Teaching for the short term

Harold Shaw Jr. blogged recently about how he wanted to be remembered as a teacher. His message was one with which most teachers would agree. After dismissing the current emphasis on data for the sake of data, he said he wants students to report “5-10-20 years from now” that he made a difference in their lives:

Personally, I want to be remembered as a teacher who cared deeply for the growth of the student both academically and as a person beyond the classroom. Those are important things to be remembered for.

Although I agree with Shaw’s point and share his pleasure in anticipating the long-range impact of his work, I have some qualms about how such comments sound to the public.

It is true that a teacher’s impact cannot be determined the end of the week or even at the end of the school year, and it certainly cannot be reduced to a number on a chart.  However, one need not be a statistician, economist, or politician to want to see positive learning outcomes in fewer than five, 10, or 20 years.  The general public, parents, and students themselves want to see some results sooner.

An experience I had my second year student teaching (during my MACT, I taught two courses a semester for two years), taught me about the importance of seeing results in the short term.

That fall I gave my freshman composition students a library activity I’d used before. It required students to find a number of  specified types of library resources for whatever major they expected to pursue and prepare an annotated bibliography.

The library’s planned summer move from a two-story building to a new six-story building was delayed until the middle of fall semester, so my class assignment came about a week after the library move.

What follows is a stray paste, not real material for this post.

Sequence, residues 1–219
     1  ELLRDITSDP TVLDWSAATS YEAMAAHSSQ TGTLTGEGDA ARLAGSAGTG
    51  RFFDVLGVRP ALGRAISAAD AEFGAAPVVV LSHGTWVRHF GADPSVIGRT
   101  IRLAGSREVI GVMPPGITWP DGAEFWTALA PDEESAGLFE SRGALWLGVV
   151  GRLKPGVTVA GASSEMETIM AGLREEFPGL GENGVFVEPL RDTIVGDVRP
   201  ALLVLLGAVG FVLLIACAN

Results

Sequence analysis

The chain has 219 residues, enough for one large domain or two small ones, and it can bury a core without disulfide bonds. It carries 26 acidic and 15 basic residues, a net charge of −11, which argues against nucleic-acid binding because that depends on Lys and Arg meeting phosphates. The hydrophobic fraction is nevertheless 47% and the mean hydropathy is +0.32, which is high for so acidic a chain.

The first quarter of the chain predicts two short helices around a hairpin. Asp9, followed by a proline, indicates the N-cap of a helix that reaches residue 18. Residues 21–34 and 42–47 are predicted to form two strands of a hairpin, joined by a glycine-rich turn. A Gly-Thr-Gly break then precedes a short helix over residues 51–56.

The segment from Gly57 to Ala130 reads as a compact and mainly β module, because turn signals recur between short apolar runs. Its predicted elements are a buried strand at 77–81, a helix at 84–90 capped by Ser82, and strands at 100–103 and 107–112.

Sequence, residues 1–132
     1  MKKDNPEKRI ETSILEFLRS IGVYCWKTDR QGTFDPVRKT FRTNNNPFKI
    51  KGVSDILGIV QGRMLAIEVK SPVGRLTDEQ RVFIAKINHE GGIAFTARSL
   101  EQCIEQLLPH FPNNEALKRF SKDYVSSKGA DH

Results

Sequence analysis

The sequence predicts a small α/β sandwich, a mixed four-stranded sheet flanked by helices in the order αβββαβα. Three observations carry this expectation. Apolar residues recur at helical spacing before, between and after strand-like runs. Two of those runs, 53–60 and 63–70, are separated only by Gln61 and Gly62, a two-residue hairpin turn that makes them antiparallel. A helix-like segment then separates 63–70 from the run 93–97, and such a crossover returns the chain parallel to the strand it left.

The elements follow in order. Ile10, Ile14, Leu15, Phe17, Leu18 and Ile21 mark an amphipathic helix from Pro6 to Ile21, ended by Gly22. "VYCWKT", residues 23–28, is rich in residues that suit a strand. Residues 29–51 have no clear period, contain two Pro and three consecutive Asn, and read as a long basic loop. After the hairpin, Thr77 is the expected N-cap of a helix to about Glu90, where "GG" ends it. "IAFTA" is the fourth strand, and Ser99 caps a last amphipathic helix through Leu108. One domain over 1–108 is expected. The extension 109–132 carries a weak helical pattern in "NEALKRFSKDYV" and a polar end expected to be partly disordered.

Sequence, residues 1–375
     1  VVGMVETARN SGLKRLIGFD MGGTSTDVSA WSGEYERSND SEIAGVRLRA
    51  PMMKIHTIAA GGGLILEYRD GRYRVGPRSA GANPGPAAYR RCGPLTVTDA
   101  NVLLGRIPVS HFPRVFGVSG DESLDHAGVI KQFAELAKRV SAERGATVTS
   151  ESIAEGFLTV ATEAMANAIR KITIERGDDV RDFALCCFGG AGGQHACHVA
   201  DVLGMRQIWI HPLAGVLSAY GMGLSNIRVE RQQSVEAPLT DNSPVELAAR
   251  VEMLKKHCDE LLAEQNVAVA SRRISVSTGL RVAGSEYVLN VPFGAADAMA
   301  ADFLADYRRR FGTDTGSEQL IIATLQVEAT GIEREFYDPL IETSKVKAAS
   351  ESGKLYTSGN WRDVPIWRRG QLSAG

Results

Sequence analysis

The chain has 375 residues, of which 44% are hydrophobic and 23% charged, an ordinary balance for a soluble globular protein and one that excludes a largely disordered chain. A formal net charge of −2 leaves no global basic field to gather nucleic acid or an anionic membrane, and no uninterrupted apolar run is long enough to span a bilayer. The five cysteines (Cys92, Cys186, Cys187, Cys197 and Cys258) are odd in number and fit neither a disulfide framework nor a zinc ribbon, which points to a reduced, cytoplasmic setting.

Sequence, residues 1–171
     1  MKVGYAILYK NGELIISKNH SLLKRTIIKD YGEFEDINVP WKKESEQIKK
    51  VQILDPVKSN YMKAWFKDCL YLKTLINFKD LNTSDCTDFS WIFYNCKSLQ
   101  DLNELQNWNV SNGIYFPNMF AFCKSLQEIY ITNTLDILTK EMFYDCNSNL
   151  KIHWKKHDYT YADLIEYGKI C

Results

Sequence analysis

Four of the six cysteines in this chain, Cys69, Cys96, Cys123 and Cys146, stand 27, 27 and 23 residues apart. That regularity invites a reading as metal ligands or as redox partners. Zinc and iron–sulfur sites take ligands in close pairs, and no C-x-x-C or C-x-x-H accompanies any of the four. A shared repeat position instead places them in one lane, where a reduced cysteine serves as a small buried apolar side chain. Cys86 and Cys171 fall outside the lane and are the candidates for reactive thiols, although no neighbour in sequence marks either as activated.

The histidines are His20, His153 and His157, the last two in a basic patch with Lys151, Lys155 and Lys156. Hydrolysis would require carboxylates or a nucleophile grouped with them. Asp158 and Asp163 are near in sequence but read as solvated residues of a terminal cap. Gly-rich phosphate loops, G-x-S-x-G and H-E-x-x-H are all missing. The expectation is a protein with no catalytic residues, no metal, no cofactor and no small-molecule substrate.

Library books had been unpacked in their new locations, but some of the boxes were unpacked out of order. The library staffing plan had been developed for the old two-story building, not for the new six-story facility, so there wasn’t anybody to ask for help.

That semester I had a pair of students, roommates, whose majors were audiology and dietetics. While the history and music majors breezed through the bibliography activity, the two girls with the narrow specializations had an awful time finding materials. For a couple weeks, every time I went to the library, those two girls were there working on their annotated bibliography assignment.

I had told students they could ask me for help if they saw me in the library; those two took me at my word. I got to the point where I was going to the library at midnight to try to get my own research done. Eventually, the three of us managed to locate all the resources so they could complete the assignment.

Spring semester began on a Tuesday. The following Monday, the audiology student from my fall class appeared at my door. She told me she had gotten through the bibliography project by saying to herself, “Some day you’ll thank her for this.” She said she expected “some day” to be in perhaps five years.

“I’m taking my first course in my major this semester,” she said. “The semester project is to do an annotated bibliography. Mine’s done.

“My semester project is done.

“Thank you.”

It may be true that the most important work teachers do is not noticeable until students had some years to mature. That said, however, I think focusing too hard on long-range results harms our profession and our students. At least some of the academic work we do should have an impact that students, parents, and community can see every year.

What’s more, we ought to spend at least as much time talking about the impact we’re having now as we spend on what we hope to see in 20 years. In this day of declining expenditures for education, publicizing our achievements is a vital activity.

[2/26/2014 removed links to information no longer publicly available.]